An ancient ritual

I married two months ago, in a fun-filled ceremony at my husband’s home, with our close family and friends in attendance. It was an efficient wedding, and very small, compared to the shindigs popular in the country now.

This is a story from after it. The wedding meant we had to visit relatives, which is an old custom. It is a way of thanking them for coming to the wedding and sharing in the happiness.

Now, I was very happy to do this, even though my family is big! We had to visit 11 families, and we bought gifts and gave our weekends to this. Here is what I was asked everywhere I went. “So, do you cook now?” Every.Single.Place. It came in different forms depending on who asked. This was uttered verbatim by my uneducated relations, while the more enlightened, those who had made the leap to the 21st century, asked me who did the cooking, whether we had a maid.

Now, forgiving the more enlightened ones who may have just wanted to know how I was faring in my new life, I want to take umbrage at the others. I didn’t know that my sole purpose in life was cooking for my husband, that my self-worth needed to be defined by whether I could cook! And the ‘now’ added to ‘do you cook’ means they think I don’t cook! I understand none of them paid me much attention when I was growing up or even after. Some of them didn’t know where I was working anymore, and asked me if I was still at a place I left 7 years ago! But then, where did the now come from? Was that an assumption I would not be able to cook? I mean I know my parents think I can’t cook but that’s because my mother’s cooking is out-of-this-world good (and because they think I’m unable to do anything anyway because for the longest time they thought I was 5 years old). But even they know I cook, I have cooked for them! But why do my relations think I can’t cook? If it’s not an assumption, who said I can’t cook? I have been experimenting in the kitchen with both baking and regular cooking for years now. I like to think I have a natural aptitude for it because my mother is an amazing cook. But apparently, that doesn’t matter.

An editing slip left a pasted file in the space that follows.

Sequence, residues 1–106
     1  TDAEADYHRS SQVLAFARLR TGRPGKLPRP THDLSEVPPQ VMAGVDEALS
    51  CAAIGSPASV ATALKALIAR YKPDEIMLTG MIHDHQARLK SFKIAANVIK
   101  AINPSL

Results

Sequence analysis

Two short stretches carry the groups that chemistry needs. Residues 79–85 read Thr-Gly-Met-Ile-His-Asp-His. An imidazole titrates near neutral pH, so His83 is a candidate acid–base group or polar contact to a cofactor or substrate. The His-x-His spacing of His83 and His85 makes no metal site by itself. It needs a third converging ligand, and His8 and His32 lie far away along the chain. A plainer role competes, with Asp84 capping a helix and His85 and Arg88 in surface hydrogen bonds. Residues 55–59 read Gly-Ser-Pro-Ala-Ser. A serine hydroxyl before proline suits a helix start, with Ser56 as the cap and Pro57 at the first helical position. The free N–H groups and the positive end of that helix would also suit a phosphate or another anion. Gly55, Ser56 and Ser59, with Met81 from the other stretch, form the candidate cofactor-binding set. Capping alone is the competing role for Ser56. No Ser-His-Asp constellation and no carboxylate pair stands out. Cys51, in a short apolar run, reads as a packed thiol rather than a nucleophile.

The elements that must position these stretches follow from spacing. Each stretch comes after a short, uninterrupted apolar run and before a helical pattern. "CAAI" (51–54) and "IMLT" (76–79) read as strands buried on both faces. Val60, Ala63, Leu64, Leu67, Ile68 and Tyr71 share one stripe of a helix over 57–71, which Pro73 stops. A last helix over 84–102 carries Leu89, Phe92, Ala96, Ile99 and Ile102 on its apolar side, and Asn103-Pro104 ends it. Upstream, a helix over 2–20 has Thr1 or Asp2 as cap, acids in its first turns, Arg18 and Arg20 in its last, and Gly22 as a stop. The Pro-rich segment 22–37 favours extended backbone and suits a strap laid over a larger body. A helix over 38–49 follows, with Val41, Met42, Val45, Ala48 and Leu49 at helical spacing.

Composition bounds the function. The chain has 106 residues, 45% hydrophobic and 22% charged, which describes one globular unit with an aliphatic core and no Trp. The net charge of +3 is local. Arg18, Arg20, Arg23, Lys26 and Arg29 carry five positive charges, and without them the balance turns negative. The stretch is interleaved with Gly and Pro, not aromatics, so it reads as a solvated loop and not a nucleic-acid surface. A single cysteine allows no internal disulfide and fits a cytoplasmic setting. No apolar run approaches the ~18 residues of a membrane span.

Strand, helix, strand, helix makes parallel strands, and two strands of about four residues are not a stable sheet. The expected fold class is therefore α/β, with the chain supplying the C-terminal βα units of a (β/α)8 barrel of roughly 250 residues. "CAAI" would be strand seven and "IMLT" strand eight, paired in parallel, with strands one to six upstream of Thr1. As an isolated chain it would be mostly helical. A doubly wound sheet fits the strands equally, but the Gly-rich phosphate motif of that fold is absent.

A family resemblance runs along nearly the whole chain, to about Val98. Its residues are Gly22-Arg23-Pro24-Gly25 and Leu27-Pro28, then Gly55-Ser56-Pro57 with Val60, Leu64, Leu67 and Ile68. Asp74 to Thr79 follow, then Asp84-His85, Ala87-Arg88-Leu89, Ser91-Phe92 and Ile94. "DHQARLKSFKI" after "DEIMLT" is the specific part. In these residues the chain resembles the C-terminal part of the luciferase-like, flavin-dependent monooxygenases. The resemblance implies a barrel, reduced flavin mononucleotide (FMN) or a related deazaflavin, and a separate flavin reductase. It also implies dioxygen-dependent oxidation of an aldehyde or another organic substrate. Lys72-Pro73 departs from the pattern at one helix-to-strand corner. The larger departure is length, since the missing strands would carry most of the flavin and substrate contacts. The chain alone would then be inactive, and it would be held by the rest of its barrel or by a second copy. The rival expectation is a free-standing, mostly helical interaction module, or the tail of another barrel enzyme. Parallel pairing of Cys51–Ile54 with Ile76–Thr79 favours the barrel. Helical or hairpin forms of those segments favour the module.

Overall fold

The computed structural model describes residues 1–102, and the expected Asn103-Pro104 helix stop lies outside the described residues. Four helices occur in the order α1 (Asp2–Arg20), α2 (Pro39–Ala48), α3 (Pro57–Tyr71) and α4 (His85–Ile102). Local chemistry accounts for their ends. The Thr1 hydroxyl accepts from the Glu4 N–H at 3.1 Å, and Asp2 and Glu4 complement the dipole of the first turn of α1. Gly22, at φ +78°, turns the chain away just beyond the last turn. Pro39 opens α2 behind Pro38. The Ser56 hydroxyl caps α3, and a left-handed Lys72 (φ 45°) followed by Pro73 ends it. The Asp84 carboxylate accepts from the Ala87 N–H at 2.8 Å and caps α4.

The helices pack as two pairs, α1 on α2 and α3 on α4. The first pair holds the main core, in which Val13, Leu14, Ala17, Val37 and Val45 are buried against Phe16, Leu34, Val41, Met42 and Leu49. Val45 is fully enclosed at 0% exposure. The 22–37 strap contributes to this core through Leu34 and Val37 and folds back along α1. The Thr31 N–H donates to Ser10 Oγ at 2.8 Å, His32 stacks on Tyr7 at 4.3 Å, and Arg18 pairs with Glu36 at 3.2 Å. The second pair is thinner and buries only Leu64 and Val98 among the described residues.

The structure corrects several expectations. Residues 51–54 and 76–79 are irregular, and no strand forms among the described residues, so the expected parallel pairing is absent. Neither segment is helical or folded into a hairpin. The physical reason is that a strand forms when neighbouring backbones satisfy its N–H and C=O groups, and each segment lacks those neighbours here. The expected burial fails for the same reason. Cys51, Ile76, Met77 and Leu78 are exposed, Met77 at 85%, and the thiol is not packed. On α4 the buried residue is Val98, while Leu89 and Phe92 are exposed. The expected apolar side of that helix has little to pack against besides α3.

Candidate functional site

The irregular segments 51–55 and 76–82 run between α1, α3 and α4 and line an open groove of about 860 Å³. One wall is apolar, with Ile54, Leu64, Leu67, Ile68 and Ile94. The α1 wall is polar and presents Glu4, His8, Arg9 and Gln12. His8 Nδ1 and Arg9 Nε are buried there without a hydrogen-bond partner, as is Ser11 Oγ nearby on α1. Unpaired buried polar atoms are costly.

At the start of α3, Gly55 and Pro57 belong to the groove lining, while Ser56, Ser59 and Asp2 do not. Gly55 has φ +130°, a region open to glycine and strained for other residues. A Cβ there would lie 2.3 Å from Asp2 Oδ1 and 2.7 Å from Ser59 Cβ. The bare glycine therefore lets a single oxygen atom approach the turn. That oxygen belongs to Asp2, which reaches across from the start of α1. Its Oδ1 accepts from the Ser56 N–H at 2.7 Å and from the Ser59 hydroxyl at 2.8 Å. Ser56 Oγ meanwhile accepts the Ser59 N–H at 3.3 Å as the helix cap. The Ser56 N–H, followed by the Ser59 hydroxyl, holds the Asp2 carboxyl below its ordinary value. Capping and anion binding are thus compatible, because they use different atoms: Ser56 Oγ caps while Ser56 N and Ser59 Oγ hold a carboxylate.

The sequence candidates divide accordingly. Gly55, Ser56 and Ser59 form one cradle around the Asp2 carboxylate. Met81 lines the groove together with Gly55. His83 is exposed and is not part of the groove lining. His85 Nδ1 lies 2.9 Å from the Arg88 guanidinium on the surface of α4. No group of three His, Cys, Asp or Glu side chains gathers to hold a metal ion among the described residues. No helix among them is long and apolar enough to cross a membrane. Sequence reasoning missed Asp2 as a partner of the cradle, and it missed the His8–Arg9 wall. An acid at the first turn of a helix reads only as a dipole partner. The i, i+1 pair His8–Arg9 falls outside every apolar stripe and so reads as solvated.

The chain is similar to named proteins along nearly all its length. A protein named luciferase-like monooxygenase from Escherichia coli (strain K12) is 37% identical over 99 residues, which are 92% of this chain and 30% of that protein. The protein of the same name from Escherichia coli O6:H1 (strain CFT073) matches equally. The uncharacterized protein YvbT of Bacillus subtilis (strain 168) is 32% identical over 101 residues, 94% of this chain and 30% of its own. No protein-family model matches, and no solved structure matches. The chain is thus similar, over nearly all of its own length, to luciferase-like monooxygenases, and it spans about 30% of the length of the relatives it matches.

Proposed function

So, by this time in the conversation, my mind is racing on all these possibilities, and I’m quite saddened. But I wake from my thoughts to find (again with the uneducated), that the conversation has moved on to something else like what my husband does for a living. In the last visit, this was a particularly bad question. The eldest of one branch of the family, my uncle is now quite old, and I understand may not know the rudiments of technology. But, that did not excuse his pestering my sweet and patient husband into fixing all the phones in the house. He kept bringing more and more phones gleefully, and asking for solutions.

Now, this is not to say I didn’t enjoy the visits. Most of my relations are delightful. They fed us amazing food and chatted to us about our educational goals and careers. They made us laugh and feel loved. And they kept heaping gift after gift on us. For those reasons and more, I loved the visits. And it was much fun chatting to my relations because many of them are adorable and I have such connections with them.

For the most part, those outweigh the negative aspects. And even with the cooking issue, I don’t mind discussing it with my cooler relations. It is those who are judgemental and gossipy I do not like. Relations can be a scourge as all of us know, but what I don’t get is why cooking is such a big deal for a woman? 1. Is it bad for the husband to know how to cook? 2. Must a woman know how to cook? 3. If she does (or even doesn’t) MUST she cook? 4. Is this the most important question to ask someone when they come to visit? 5. Would you have asked this of someone who was older or from your own generation? 6. Were you asked this when you went visiting? Ahh, the questions are endless!

Seriously, people! Let others be! You don’t have to give people a hard time!


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